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Perspectives: Support Avionics Training Program

By Rick Ochs | May 1, 2007
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The advancement of our national resource of properly educated and qualified aircraft and avionics technicians is imperative to our economic and military future. The National Center for Aircraft Technician Training (NCATT) in particular is helping to rejuvenate America’s advantage as the world’s foremost leader in modern aerospace technology.

Based in Fort Worth, Texas, NCATT ( offers technician training and certification solutions. Its industry, educational and other partners are identifying and setting training standards for avionics and aviation maintenance technicians. These "standards-based" programs provide the tools through which the individual technician meets or upgrades current and future education, training and certification requirements. The tools include an online training database owned and managed by the technician and open to all training record collections.

NCATT is not a membership-by-payment organization or an industry association. NCATT originated in 1999 through an industry stakeholders group that identified a need to recognize professional accomplishment, education and training of aircraft technicians, with an initial focus on avionics technicians. National Science Foundation funding for the project began in 2001 and continues today through grant funding requests by NCATT utilizing letters of support from industry stakeholders.

NCATT has facilitated the establishment of a series of standards and certifications that encompass the occupation of aircraft electronic technician (AET). These standards have been developed through NCATT workshops attended by educators, the U.S. military’s aircraft electrical technician instructor corps, airlines, aircraft and avionics manufacturers and other parties.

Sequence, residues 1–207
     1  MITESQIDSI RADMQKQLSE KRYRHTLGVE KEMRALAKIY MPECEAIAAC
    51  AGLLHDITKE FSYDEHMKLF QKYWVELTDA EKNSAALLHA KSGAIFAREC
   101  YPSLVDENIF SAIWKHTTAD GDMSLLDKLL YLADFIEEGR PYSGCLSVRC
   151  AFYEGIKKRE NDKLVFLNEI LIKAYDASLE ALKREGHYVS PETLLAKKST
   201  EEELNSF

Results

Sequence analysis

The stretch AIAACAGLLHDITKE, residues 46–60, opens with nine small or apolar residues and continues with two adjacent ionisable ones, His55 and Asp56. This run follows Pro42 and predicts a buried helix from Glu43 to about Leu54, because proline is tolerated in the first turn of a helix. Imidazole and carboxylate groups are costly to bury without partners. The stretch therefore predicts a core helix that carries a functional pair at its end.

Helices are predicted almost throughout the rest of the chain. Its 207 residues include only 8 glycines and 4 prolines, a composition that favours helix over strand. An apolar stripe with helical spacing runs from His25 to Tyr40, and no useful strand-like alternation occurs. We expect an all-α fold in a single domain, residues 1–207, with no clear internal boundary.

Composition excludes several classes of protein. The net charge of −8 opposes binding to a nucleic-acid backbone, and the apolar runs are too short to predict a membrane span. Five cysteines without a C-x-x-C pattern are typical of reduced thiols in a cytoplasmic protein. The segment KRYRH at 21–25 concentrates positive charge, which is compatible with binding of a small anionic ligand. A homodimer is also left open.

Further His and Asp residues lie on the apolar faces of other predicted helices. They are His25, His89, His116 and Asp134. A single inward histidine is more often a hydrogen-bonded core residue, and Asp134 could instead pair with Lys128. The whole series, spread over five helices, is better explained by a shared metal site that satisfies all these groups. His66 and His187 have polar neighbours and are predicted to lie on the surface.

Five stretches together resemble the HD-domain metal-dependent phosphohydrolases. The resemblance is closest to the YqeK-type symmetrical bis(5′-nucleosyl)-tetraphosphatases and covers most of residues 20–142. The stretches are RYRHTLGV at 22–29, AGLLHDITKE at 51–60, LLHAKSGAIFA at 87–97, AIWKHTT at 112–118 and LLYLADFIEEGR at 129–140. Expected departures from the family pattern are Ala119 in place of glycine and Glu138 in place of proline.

Having attended many of these workshops, I can speak both of the high level of cooperation and record-setting task completions by participants under the facilitation of NCATT staff. The standards are then structured in a format that makes them a useful tool for all to use. Technician certifications and training program accreditations are then established.

Industry certification standards are in use for the AET rating. Future standards have been identified, and include categories such as Advanced Digital, Enhanced/Synthetic Vision, Surveillance, Power Generation/Distribution, Autopilot, Weather Avoidance, Instruments and Inflight Entertainment. Navigation and communication systems certifications will soon be available with Installation/Integration close behind.

The long overdue recognition and certification of avionics technicians is well under way. The AET, or entry-level certification exam, is available in 23 countries at 1,300 testing center locations. More than 150 technicians are certified, with more gaining recognition weekly. Working technicians can receive certification for education previously accomplished in military and civilian education programs, and military technicians can receive a commercial aviation industry recognized certification for their military education prior to separation from service.

Accreditation is a tool to assist students, technicians and employers in locating educational or training programs that meet the NCATT standards. Providers have demonstrated that they meet the technical standards and are fully capable to provide instruction in a professional environment conducive to learning.

A database has been developed by Tarrant County College in Fort Worth to retain data on NCATT certified technicians. Tracking of newly established FAA training requirements for all certified repair stations is incorporated.

NCATT’s first educational program will be the industry-endorsed aircraft electronics technician curriculum to be incorporated into certificate, associate and baccalaureate degrees. As a function of the charter with the National Science Foundation, NCATT will provide academic curriculum free of charge to any educational institution.

As the owner of a FAA-certified radio repair station employing avionics technicians, I believe my company’s continued success depends on a future pool of these uniquely qualified individuals. NCATT provides a positive career advancement path. I strongly encourage the U.S. aviation industry and the National Science Foundation to continue to provide additional support for the NCATT program.

Rick Ochs is president of Spirit Avionics Ltd., Columbus, Ohio.

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